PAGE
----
Byfleet people knew each other well, and when this mysteriously absent person did not return to the town-farm at the end of a week, public interest became much excited; and presently it was ascertained that Betsey Lane was neither making a visit to her friends the Deckers on Birch Hill, nor to any nearer acquaintances; in fact, she had disappeared altogether from her wonted haunts. Nobody remembered to have seen her pass, hers had been such an early flitting; and when somebody thought of her having gone away by train, he was laughed at for forgetting that the earliest morning train from South Byfleet, the nearest station, did not start until long after eight o'clock; and if Betsey had designed to be one of the passengers, she would have started along the road at seven, and been seen and known of all women. There was not a kitchen in that part of Byfleet that did not have windows toward the road. Conversation rarely left the level of the neighborhood gossip: to see Betsey Lane, in her best clothes, at that hour in the morning, would have been the signal for much exercise of imagination; but as day after day went by without news, the curiosity of those who knew her best turned slowly into fear, and at last Peggy Bond again gave utterance to the belief that Betsey had either gone out in the early morning and put an end to her life, or that she had gone to the Centennial. Some of the people at table were moved to loud laughter,--it was at supper-time on a Sunday night,--but others listened with great interest.
"She never'd put on her good clothes to drownd herself," said the widow. "She might have thought 'twas good as takin' 'em with her, though. Old folks has wandered off an' got lost in the woods afore now."
Mrs. Dow and Peggy resented this impertinent remark, but deigned to take no notice of the speaker. "She wouldn't have wore her best clothes to the Centennial, would she?" mildly inquired Peggy, bobbing her head toward the ceiling. "'Twould be a shame to spoil your best things in such a place. An' I don't know of her havin' any money; there's the end o' that."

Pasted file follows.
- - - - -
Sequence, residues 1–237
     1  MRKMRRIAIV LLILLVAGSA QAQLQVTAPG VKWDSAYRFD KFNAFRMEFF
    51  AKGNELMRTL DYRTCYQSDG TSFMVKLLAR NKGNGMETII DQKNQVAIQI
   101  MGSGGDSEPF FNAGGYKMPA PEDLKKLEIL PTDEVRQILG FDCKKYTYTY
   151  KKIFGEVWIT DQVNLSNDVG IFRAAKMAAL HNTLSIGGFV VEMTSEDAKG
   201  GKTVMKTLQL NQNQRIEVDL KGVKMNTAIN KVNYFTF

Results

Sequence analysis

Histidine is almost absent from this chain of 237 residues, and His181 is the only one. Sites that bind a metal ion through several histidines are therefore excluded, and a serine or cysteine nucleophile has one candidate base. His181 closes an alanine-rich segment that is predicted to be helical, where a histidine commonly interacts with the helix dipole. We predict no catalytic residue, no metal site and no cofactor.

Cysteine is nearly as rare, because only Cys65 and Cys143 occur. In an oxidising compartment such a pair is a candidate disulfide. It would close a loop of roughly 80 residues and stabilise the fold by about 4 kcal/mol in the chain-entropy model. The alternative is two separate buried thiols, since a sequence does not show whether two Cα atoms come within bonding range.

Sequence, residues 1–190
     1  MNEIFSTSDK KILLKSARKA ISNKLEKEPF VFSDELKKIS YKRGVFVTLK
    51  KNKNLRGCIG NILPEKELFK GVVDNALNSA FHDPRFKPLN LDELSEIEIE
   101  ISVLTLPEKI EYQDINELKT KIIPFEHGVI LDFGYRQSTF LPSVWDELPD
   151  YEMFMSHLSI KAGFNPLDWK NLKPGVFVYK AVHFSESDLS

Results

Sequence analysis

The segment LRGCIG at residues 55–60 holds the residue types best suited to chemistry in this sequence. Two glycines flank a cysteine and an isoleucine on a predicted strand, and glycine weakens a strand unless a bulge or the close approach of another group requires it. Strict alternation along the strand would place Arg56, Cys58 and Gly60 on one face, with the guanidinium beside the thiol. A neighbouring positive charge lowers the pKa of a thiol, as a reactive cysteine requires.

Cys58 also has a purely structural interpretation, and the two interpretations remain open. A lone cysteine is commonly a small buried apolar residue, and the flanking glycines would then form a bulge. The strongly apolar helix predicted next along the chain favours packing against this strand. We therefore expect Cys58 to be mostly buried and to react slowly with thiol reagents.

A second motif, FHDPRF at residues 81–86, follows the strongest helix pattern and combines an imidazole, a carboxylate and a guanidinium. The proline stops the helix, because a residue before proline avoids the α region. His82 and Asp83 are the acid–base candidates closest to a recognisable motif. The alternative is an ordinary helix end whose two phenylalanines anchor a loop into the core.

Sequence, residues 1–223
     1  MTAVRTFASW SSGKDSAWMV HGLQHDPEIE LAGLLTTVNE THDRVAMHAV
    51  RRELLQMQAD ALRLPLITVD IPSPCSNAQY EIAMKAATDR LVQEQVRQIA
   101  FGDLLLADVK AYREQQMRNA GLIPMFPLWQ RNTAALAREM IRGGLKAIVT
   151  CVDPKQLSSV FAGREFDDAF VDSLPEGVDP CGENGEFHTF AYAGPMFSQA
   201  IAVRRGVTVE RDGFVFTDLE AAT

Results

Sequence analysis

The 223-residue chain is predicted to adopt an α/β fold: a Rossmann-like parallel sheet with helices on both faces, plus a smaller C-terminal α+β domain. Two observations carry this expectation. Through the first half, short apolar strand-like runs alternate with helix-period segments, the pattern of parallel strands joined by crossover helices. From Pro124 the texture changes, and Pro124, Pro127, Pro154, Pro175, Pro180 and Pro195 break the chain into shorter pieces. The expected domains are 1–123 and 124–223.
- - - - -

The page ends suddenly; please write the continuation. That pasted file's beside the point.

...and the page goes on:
"You're bad as old Mis' Bland, that used to live neighbor to our folks," said one of the old men. "She was dreadful precise; an' she so begretched to wear a good alapaca dress that was left to her, that it hung in a press forty year, an' baited the moths at last."
"I often seen Mis' Bland a-goin' in to meetin' when I was a young girl," said Peggy Bond approvingly. "She was a good-appearin' woman, an' she left property."
"Wish she'd left it to me, then," said the poor soul opposite, glancing at her pathetic row of children: but it was not good manners at the farm to deplore one's situation, and Mrs. Dow and Peggy only frowned. "Where do you suppose Betsey can be?" said Mrs. Dow, for the twentieth time. "She didn't have no money. I know she ain't gone far, if it's so that she's yet alive. She's b'en real pinched all the spring."
"Perhaps that lady that come one day give her some," the keeper's wife suggested mildly.
"Then Betsey would have told me," said Mrs. Dow, with injured dignity.